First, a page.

Klaus Töpfer, Executive Director,
As evidence accumulates that we may already be witnessing the early signs of global climate change, the need to communicate this issue to both policymakers and the general public becomes ever more urgent. The challenge facing generalists is that the subject is complex and often highly specialized. Much of our understanding of climate change comes from sophisticated computer-based models, data sets, and theoretical insights. Decision-makers need insight into such scientific information if they are to craft and implement effective solutions.
Fortunately, a good deal of the evidence and information we have about climate change lends itself to graphical presentation. The visual information contained in Vital Climate Graphics makes it possible to grasp complex facts more quickly and fully than would be possible through simple text. The graphical impact is supported by additional written details that help to fill in the picture. The first set of graphics focuses on the impacts of climate change and are available as overhead slides and can be obtained via CD ROMs, booklets or the Internet.
Vital Climate Graphics are based on the reports of the Intergovernmental Panel on Climate Change (IPCC), which was established by the United Nations Environment Programme and the World Meteorological Organization. The IPCC's 1995 Second Assessment Report is widely respected as the most authoritative source of climate change information available. More recently, the IPCC has also published a number of Special Reports on specific topics. Vital Climate Graphics will be updated after the forthcoming Third Assessment Report, scheduled for publication in 2001, becomes available. In this way, they will continue to be an effective tool for decision-making for years to come.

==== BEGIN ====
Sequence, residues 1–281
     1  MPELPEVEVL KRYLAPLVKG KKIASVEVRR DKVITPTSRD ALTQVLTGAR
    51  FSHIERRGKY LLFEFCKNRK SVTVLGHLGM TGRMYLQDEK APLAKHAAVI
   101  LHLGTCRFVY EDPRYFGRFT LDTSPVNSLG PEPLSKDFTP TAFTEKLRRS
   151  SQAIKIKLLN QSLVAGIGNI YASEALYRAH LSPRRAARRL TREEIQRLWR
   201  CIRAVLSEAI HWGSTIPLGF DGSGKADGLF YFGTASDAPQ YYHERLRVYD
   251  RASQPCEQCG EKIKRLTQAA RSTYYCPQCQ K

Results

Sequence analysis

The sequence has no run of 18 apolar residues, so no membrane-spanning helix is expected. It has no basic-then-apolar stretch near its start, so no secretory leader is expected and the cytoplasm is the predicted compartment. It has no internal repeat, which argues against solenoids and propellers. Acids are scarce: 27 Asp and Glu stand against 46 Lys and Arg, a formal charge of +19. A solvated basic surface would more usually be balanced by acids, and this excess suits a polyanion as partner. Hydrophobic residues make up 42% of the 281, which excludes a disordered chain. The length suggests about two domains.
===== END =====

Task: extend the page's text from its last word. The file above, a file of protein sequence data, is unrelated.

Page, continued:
|Vital Climate Graphics|
United Nations Environment Programme / GRID-Arendal
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